2. Who will win the power struggle between General Manager John Mozeliak and La Russa over the amount of playing time given to the extra players who will be coming up from Memphis.

The results of this interesting clash of egos might also play a role in any decisions about whether DeWitt will make a change in managers or with the general manager. Mozeliak wants the players coming up from Memphis to play, so the team can get a better reading on who can possibly help the big league club in 2012.

La Russa has said publicly that he will play the players who play the best, and he routinely has not been fond of putting too many extra players on the roster for the final month of the season. There are six players occupying spots on the 40-man roster, led by infielder Tyler Greene, who are at the crossroads of their career – it is either time for them to be on the regular major-league roster or time to move them out of the organization, freeing up places for younger players not only on the 40-man roster but for playing time at Triple A Memphis.

In addition to Greene, the other players who fall into this group are catcher Bryan Anderson, first baseman Mark Hamilton, outfielder Andrew Brown, third baseman Matt Carpenter and shortstop Pete Kozma. All, except Anderson, have had very limited chances to play in the majors, but Mozeliak would like to see them play for an extended period to make the decision about their future easier.

The poster-boy for this group likely will be Greene, who will be 28 before the 2012 season starts and needs to either prove he can be a big-league player or hope for a chance somewhere else. Nobody would be served by having him return to Memphis for another season. He has played 143 games spread over the last three years in the majors, but has never played more than five consecutive games. He has a lifetime average in the majors of .213, but everybody except La Russa, it seems, thinks he can hit closer to his current .326 average in Memphis if he gets that extended chance.

The Cardinals do not have a projected starting shortstop for 2012, and if Greene, a former first-round draft pick in 2005, proves he can do the job it will help give the team some financial relief over having to sign a free agent or make another trade for a shortstop. He also would give the team a legitimate stolen base threat, something the Cardinals have badly needed all season.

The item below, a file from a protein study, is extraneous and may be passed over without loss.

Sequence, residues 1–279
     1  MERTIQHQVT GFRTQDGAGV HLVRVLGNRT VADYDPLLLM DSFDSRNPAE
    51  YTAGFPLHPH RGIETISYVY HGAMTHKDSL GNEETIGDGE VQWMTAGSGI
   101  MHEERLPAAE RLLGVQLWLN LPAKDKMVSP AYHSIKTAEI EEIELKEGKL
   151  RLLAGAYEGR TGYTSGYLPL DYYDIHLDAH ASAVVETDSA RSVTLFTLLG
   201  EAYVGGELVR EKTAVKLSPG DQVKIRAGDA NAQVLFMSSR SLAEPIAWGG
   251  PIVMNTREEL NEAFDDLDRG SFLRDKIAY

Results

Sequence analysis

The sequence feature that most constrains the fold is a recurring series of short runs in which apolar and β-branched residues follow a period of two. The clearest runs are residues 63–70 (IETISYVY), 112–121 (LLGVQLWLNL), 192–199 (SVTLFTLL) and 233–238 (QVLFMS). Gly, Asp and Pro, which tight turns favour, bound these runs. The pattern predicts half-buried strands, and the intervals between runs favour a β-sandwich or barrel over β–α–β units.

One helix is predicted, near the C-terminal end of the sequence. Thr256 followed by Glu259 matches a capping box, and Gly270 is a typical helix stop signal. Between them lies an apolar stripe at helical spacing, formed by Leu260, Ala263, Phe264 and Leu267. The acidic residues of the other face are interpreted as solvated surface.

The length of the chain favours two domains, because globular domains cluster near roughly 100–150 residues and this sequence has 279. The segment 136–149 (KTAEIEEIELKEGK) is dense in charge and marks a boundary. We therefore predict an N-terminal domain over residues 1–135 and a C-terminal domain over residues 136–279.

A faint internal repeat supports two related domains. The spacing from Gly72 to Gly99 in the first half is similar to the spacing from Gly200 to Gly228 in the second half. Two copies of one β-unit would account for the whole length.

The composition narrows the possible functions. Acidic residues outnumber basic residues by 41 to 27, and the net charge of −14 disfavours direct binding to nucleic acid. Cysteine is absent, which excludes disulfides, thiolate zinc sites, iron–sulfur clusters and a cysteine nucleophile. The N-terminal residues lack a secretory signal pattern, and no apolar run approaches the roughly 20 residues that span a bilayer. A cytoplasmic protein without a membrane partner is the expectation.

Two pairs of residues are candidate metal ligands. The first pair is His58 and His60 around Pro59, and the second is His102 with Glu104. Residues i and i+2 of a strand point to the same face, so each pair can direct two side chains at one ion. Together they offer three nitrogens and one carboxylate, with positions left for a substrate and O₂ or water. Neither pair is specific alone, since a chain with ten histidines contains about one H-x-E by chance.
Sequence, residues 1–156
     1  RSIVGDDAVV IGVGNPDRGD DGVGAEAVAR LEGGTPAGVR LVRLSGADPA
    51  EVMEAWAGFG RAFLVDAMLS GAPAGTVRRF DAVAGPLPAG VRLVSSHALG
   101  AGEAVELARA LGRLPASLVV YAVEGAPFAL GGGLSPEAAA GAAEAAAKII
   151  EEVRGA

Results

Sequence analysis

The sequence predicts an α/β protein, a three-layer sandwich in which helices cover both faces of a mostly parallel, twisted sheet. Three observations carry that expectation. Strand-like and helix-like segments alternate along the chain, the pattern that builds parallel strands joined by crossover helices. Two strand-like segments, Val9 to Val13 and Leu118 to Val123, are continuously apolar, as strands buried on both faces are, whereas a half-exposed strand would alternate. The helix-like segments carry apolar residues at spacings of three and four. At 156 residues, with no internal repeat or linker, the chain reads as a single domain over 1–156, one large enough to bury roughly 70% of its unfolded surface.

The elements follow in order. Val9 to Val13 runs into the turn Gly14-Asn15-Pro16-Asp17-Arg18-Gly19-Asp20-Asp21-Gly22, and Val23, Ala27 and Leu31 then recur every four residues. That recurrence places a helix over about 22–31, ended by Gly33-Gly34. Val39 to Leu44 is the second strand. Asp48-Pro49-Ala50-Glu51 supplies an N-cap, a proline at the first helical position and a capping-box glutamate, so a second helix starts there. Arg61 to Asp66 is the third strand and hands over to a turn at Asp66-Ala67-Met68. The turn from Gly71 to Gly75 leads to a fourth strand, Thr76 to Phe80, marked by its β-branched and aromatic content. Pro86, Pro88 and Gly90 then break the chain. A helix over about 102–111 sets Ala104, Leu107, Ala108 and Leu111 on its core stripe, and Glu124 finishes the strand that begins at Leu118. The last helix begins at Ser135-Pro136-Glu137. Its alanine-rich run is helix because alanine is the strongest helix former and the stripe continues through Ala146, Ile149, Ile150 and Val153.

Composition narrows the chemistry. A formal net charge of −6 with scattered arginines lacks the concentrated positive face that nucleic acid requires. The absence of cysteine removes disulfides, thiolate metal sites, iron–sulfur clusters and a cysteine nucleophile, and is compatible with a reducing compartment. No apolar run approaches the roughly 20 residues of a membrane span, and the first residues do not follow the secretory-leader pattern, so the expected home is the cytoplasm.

3. Can Pujols and Lance Berkman finish 1-2 in the National League home run race.

Through Sunday, Pujols and the Dodgers’ Matt Kemp were tied for the league lead with 31 homers while Berkman, Dan Uggla of the Braves and Mike Stanton of the Marlins all had 30. Prince Fielder of the Brewers was one behind that group with 29.

Pujols is trying to win his third consecutive NL home run title, something no Cardinal has ever done. Berkman is trying to break the franchise record for most home runs hit by a switch-hitter, currently 35 by Ripper Collins in 1934.

The Cardinals have never had the 1-2 finishers in the league in the home run category, and in fact no NL team has done it since the Giants in 1965 when Willie Mays and Willie McCovey did it.

4. Can Pujols hit well enough to reach 100 RBIs and finish with a .300 or better batting average.

With 28 games to play, Pujols’ average is at .288 with 78 RBIs, meaning he needs 22 RBIs to get to 100 for the 11thconsecutive year. In his career, Pujols has driven in more than 22 runs five times during the month of September, with a high of 28 in 2006. He also has driven in less than 22 runs in the month five times, with a low of only 10 RBIs in September of 2003.

No player has ever hit .300 with 30 or more homers and 100 or more RBIs for each of the first 11 years of their career.

5. Who will get the bulk of the playing time at second base and shortstop.

Part of the answer to this question depends on what happens with Tyler Greene. The other player who should get a long look in September, at either second or short, is Daniel Descalso.